Bram Stoker

Bram Stoker’s Notes for Dracula
by Bram Stoker, Robert Eighteen-Bisang, Elizabeth Miller

Bram Stoker’s initial notes and outlines for his landmark horror novel Dracula were auctioned at Sotheby’s in London in 1913 and eventually made their way to the Rosenbach Museum and Library in Philadelphia, where they are housed today. Until now, few of the 124 pages have been transcribed or analyzed. This painstaking work reproduces the handwritten notes both in facsimile and in annotated transcription. It also includes Stoker’s typewritten research notes and thoroughly analyzes all of the materials, which range from Stoker’s thoughts on the novel’s characters and settings to a nine-page calendar of events that includes most of the now-familiar story. Ample annotations guide readers through the construction of the novel and the changes that were made to its structure, plot, setting and characters. Nine appendices provide insight into Stoker’s personal life, his other works and his early literary influences.

Dracula
by Stephanie Spinner

Of the many admiring reviews Bram Stoker’s Dracula received when it first appeared in 1897, the most astute praise came from the author’s mother, who wrote her son: “It is splendid. No book since Mrs. Shelley’s Frankenstein or indeed any other at all has come near yours in originality, or terror.”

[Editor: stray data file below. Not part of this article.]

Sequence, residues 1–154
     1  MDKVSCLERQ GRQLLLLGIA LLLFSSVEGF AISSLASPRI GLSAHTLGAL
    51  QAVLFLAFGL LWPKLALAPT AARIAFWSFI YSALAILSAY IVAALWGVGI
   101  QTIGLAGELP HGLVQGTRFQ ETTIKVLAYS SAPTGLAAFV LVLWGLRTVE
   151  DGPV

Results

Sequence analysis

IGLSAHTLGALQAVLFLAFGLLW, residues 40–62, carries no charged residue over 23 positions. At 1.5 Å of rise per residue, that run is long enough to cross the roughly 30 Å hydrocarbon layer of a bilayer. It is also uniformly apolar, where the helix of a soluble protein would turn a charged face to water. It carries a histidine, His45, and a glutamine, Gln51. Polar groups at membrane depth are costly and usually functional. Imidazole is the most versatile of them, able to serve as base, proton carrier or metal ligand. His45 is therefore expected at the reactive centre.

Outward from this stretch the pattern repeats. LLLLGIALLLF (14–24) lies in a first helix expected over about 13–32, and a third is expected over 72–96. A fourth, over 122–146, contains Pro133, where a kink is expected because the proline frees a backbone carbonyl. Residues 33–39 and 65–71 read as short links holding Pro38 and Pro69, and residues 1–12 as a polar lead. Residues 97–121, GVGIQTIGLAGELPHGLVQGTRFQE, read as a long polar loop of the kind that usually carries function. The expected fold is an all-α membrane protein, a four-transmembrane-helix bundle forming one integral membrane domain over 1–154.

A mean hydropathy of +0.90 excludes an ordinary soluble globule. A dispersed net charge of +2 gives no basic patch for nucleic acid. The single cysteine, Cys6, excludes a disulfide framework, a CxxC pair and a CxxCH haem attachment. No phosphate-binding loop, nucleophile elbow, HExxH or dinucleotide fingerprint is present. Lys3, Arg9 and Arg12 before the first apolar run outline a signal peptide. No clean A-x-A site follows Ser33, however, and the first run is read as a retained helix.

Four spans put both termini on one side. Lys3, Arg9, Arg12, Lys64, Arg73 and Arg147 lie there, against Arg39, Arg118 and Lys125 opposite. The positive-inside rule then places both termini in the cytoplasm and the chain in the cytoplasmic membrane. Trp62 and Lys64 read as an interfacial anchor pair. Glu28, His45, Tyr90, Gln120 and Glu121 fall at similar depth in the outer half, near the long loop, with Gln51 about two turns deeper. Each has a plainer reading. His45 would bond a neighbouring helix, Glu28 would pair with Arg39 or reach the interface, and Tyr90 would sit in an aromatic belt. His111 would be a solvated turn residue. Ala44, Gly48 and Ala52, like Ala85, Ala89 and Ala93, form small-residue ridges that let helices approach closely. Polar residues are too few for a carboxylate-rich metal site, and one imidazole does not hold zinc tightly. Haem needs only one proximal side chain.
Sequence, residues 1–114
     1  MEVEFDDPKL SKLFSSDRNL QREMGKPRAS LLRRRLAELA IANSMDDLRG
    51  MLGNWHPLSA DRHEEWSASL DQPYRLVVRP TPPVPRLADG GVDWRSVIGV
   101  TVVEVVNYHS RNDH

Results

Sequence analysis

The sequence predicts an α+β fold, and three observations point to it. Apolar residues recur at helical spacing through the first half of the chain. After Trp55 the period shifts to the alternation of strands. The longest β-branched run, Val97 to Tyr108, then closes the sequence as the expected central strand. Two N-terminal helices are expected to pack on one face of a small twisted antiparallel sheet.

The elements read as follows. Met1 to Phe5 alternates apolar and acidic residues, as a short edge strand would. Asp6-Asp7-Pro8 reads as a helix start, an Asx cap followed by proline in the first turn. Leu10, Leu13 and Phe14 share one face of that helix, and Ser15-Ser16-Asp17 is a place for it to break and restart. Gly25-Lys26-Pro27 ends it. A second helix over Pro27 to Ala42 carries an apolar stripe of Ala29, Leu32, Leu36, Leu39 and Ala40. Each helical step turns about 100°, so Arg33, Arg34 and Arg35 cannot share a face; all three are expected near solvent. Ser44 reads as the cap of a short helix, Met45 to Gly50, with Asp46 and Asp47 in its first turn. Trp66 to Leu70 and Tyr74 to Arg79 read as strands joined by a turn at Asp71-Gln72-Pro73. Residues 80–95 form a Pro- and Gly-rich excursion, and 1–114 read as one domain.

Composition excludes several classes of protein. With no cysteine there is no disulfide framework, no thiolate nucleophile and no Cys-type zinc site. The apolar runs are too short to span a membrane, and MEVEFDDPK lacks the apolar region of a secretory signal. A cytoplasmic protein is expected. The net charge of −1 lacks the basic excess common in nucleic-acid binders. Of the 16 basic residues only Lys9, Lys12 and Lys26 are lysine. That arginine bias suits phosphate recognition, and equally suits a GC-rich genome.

A popular bestseller in Victorian England, Stoker’s hypnotic tale of the bloodthirsty Count Dracula, whose nocturnal atrocities are symbolic of an evil ages old yet forever new, endures as the quintessential story of suspense and horror. The unbridled lusts and desires, the diabolical cravings that Stoker dramatized with such mythical force, render Dracula resonant and unsettling a century later.

From the Hardcover edition.


Bram Stoker
by Nancy Whitelaw

A biography of the theatrical manager and prolific author who, among other achievements, completed the novel “Dracula” in 1897.

Bram Stoker And The Man Who Was Dracula
by Barbara Belford

“What a splendid subject to sink one’s teeth into,” raved the Washington Post. Here was a six-foot-two Irishman with a red beard—a Victorian family man, a spirited debater, and the author of novels and short stories largely forgotten today. All, of course, except for Dracula, which has enjoyed countless stage and screen incarnations and haunted the dreams of many generations. Bram Stoker lived at the very center of late-Victorian social and artistic life and numbered among his friends Oscar Wilde, Walt Whitman, Mark Twain, Sir Arthur Conan Doyle, James Whistler, William Gladstone, and Alfred Lord Tennyson. But it was his relationship with the mesmerizing, domineering actor Henry Irving that may have played the most crucial role in Stoker’s life—a real-life monster who ultimately led to Stoker’s most famous creation. In this book that the Baltimore Sun called “superb,” Barbara Belford draws on unpublished archival material to reveal the links between the reticent author’s life, his vampire tale, and the political, occult, cultural, and sexual background of the 1890s.

Dracula
by Bram Stoker